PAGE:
For Humber’s men’s volleyball coach Wayne Wilkins, it’s the tournament at the end that matters most.
Despite finishing second in the OCAA championships after a heartbreaking five set loss to the Mohawk Mountaineers on Feb. 22, the Hawks still qualified for the CCAA national championships in Moose Jaw, Sask. The championship will run from March 5-8.
“Our goal has been the same right from day one: get to nationals and win a national medal,” said Wilkins. “The guys are going to be prepared to work for a gold medal from nationals.”
Mohawk took the first set of the provincial championship 25-22 but failed to maintain their drive, as Humber won the next two sets 25-16 and 25-22.
The Hawks looked like they were on their way to a four set win, until a game changing play from the Mountaineers stole the momentum back. Mohawk held off multiple match points to win the fourth set 30-28, forcing a tie breaking fifth.
Mohawk seized an early lead in the final set, eventually winning it 15-8 and the championship. It was their first OCAA gold medal since 2007-08.
Fourth year Humber left side Terrel Bramwell, who Mountaineers head coach Matthew Schnar said is arguably the best player in the nation, gave an outstanding performance throughout the tournament. Bramwell racked up 27 kills in the finals and was named the tournament’s Most Valuable Player.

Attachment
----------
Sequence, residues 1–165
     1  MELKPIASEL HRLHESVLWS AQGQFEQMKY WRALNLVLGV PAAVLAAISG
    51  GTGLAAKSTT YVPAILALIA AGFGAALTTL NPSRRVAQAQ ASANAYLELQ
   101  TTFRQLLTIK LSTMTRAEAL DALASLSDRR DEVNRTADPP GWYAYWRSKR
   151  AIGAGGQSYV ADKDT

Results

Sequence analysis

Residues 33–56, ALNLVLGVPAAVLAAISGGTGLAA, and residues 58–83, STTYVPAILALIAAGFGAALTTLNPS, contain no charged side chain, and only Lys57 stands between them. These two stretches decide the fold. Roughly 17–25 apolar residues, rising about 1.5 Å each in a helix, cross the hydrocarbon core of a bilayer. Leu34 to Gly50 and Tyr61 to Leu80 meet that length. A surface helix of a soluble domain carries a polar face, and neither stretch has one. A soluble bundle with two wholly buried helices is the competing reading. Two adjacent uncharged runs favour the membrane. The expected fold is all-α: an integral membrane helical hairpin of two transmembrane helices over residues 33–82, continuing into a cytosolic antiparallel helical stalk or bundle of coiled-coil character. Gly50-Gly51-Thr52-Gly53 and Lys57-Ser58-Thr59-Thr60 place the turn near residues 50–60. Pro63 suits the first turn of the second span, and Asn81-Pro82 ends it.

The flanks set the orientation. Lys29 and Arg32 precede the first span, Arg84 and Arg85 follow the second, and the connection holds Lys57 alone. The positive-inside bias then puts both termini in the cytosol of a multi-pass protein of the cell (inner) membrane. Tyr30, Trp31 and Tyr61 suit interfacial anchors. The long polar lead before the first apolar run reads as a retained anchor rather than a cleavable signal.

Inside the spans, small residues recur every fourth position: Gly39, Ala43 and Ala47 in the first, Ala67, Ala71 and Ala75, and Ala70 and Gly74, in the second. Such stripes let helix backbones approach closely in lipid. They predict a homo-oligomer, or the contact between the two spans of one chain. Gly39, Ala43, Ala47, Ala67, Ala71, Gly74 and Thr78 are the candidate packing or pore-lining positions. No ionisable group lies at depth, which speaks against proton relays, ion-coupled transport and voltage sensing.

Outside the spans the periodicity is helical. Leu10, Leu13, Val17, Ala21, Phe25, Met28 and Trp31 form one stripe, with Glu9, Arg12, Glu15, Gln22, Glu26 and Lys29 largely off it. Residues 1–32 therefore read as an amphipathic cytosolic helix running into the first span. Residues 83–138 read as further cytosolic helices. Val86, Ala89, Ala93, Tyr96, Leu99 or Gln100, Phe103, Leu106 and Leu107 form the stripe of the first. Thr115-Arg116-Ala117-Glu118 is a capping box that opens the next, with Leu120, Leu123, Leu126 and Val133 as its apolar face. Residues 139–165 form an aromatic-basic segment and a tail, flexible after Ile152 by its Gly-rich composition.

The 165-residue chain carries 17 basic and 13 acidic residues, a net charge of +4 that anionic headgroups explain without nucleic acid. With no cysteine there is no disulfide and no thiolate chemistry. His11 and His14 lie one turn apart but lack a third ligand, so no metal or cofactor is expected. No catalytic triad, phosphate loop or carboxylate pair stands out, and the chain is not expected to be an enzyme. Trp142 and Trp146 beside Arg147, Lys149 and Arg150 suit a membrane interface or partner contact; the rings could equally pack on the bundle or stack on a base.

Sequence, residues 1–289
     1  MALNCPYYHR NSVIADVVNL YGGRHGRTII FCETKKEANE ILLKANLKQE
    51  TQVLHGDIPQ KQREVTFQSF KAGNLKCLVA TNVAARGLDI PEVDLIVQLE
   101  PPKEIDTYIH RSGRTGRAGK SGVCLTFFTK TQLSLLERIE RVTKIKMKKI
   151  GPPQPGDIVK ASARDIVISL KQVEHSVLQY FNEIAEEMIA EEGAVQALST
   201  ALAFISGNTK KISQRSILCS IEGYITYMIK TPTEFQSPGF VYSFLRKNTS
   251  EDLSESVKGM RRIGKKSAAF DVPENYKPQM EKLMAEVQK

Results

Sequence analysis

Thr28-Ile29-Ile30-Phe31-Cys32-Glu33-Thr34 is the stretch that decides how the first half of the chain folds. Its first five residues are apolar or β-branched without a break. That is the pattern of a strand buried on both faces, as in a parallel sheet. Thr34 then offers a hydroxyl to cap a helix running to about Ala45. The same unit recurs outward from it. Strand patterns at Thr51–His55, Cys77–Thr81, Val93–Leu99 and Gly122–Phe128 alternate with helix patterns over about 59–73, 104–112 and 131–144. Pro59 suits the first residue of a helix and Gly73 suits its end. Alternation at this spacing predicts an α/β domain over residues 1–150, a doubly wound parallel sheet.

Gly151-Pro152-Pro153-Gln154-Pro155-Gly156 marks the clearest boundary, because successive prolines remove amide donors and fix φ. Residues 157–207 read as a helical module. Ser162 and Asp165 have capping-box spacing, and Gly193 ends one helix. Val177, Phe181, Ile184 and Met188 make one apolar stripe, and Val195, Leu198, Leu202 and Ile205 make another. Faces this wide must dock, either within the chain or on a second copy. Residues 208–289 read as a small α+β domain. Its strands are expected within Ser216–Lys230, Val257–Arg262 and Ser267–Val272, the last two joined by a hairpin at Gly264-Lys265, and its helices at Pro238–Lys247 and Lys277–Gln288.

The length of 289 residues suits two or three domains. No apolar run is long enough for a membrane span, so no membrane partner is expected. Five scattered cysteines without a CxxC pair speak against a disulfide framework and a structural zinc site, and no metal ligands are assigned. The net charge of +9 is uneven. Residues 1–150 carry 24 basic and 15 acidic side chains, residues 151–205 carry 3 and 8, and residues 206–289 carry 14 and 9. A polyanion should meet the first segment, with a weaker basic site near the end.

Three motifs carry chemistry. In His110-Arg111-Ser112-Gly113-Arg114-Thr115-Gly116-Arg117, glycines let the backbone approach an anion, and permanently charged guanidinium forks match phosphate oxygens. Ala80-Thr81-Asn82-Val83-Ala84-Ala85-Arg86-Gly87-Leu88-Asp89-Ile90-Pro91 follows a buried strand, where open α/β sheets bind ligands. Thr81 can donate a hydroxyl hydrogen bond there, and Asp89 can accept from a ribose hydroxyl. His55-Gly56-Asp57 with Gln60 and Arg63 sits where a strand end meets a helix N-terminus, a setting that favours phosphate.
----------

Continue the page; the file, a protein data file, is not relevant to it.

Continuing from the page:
The award was little consolation for Bramwell who said the loss was a hard pill to swallow.
“I haven’t stopped thinking about it since we left the gym,” Bramwell said. “We had the game in our hands late, being up 19-14 in the fourth, and let it slip. It hurts.”
“I thought we had time where we played at the level we know we’re at, and it showed in some of our scores, but at others we struggled,” said Bramwell. “We couldn’t push hard enough to close out games when we needed to.”
Andre Brown, a fifth year middle for Humber, said momentum was the difference maker against Mohawk.
“In the fourth set, we had a solid lead, and instead of running with it and getting the win, we let them back into the game, “ Brown said. “We gave them all the momentum.”
Wilkins said that volleyball is often dictated by energy created from play to play.
“Swings are enormous, and we allowed a team that we were beating pretty handily change the momentum on us,” Wilkins said.
That, in addition to attitude, is what Schnar said made the difference in propelling the Mountaineers to victory over the Hawks.
“Just pure will to win,” said Schnar. “We got some key defensive plays on Terrel, and from there we found a way to score points off those defensive plays which gave us momentum.”
“Humber played very, very well, but we just wanted it more.”